Academic Field

Biological Sciences

Faculty Mentor Name

Dr. Peter Gergen

Presentation Type

Poster Presentation

Abstract

Alarmingly, pathogenic bacteria are becoming increasingly resistant to common antibiotics. One of the ways bacteria become resistant to antibiotics is by mutation of key amino acids in the target protein or enzyme that an antibiotic interacts with, such that there is a decreased affinity and/or kinetics at the interaction site. Melittin is an antimicrobial peptide found in bee venom, which non-specifically creates pores in lipid membranes resulting in cell death. Bacteria are less likely to develop resistance against melittin because the structure of a cellular membrane cannot change easily by mutation. Here, we engineered Escherichia coli to detect and kill Pseudomonas aeruginosa, a pathogenic microbe. E. coli was transformed with the melittin gene extracted from Apis mellifera and a quorum sensing circuit, rhl, similar to that found in P. aeruginosa such that only in the presence of P. aeruginosa melittin would be expressed. Because melittin forms non-specific pores, it can attack the pathogenic bacterial cells in the environment. This approach of engineering bacterial cells to detect and kill pathogenic bacteria using a quorum sensing system and a cytolytic agent, can be used as a new antibacterial therapy. Future efforts will seek to improve method of melittin secretion and explore how to increase melittin specificity to decrease off-target effects.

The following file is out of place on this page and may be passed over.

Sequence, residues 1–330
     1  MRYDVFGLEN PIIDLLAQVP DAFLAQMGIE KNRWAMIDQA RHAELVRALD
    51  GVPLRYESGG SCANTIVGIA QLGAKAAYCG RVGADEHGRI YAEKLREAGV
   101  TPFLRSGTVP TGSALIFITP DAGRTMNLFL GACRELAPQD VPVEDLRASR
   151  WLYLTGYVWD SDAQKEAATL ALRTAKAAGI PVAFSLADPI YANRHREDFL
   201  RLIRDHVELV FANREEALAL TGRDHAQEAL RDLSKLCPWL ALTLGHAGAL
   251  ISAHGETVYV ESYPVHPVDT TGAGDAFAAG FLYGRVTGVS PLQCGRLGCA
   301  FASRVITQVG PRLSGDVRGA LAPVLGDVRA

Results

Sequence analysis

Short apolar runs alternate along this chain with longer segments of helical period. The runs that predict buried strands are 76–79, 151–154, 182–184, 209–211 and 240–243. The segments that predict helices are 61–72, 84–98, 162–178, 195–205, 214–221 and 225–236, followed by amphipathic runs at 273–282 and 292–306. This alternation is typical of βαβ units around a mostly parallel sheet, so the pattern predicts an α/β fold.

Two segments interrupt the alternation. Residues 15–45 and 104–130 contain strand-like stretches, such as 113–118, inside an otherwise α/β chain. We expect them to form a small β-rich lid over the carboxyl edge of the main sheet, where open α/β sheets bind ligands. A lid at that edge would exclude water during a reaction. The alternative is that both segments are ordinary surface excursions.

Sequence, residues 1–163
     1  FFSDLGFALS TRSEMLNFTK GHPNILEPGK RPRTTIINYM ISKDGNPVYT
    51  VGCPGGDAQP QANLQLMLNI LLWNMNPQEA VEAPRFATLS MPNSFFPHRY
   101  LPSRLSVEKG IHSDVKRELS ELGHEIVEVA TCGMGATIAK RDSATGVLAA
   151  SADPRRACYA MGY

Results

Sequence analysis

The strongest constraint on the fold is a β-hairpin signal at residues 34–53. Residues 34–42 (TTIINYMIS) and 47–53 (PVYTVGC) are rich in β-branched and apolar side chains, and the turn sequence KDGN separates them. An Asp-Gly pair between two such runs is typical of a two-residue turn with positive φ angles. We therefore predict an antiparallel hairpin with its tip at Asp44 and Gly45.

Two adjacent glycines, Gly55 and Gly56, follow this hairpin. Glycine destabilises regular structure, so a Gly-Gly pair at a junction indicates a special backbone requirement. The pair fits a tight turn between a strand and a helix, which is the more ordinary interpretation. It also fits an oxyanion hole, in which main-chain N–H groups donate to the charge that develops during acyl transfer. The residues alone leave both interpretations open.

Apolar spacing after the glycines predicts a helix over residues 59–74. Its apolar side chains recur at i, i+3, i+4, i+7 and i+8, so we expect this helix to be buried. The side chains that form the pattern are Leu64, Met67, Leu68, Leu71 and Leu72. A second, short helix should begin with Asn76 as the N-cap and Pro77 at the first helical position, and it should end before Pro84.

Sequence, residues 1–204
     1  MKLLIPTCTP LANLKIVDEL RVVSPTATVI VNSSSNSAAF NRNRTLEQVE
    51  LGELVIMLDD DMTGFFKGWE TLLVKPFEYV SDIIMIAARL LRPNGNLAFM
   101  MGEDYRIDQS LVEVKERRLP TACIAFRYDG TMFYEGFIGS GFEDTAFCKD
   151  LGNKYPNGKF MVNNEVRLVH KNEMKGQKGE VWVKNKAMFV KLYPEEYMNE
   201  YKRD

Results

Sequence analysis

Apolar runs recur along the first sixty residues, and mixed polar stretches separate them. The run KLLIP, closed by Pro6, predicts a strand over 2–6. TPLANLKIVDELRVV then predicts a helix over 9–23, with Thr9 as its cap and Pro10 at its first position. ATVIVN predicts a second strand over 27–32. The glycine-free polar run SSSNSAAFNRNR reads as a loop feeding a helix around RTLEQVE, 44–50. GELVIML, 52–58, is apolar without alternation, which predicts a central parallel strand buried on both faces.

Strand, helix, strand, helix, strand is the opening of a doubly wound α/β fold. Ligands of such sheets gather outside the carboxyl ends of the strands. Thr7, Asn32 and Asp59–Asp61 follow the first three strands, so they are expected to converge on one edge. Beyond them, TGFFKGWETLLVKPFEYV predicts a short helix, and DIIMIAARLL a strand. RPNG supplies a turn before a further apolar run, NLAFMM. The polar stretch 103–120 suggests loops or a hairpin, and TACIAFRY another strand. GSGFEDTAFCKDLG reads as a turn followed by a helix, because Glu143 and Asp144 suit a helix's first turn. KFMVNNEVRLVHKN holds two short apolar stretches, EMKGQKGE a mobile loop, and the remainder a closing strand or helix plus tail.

Keywords

Melittin, Antibiotics, Antibacterial resistance, Pseudomonas aeruginosa, quorum sensing, Apis mellifera

Start Date

10-4-2015 2:00 PM

End Date

10-4-2015 2:45 PM

Location

SERC House of Fields

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Apr 10th, 2:00 PM Apr 10th, 2:45 PM

Escherichia coli as a detection and killing system against pathogenic microbes and implications towards antibiotic therapy

SERC House of Fields

Alarmingly, pathogenic bacteria are becoming increasingly resistant to common antibiotics. One of the ways bacteria become resistant to antibiotics is by mutation of key amino acids in the target protein or enzyme that an antibiotic interacts with, such that there is a decreased affinity and/or kinetics at the interaction site. Melittin is an antimicrobial peptide found in bee venom, which non-specifically creates pores in lipid membranes resulting in cell death. Bacteria are less likely to develop resistance against melittin because the structure of a cellular membrane cannot change easily by mutation. Here, we engineered Escherichia coli to detect and kill Pseudomonas aeruginosa, a pathogenic microbe. E. coli was transformed with the melittin gene extracted from Apis mellifera and a quorum sensing circuit, rhl, similar to that found in P. aeruginosa such that only in the presence of P. aeruginosa melittin would be expressed. Because melittin forms non-specific pores, it can attack the pathogenic bacterial cells in the environment. This approach of engineering bacterial cells to detect and kill pathogenic bacteria using a quorum sensing system and a cytolytic agent, can be used as a new antibacterial therapy. Future efforts will seek to improve method of melittin secretion and explore how to increase melittin specificity to decrease off-target effects.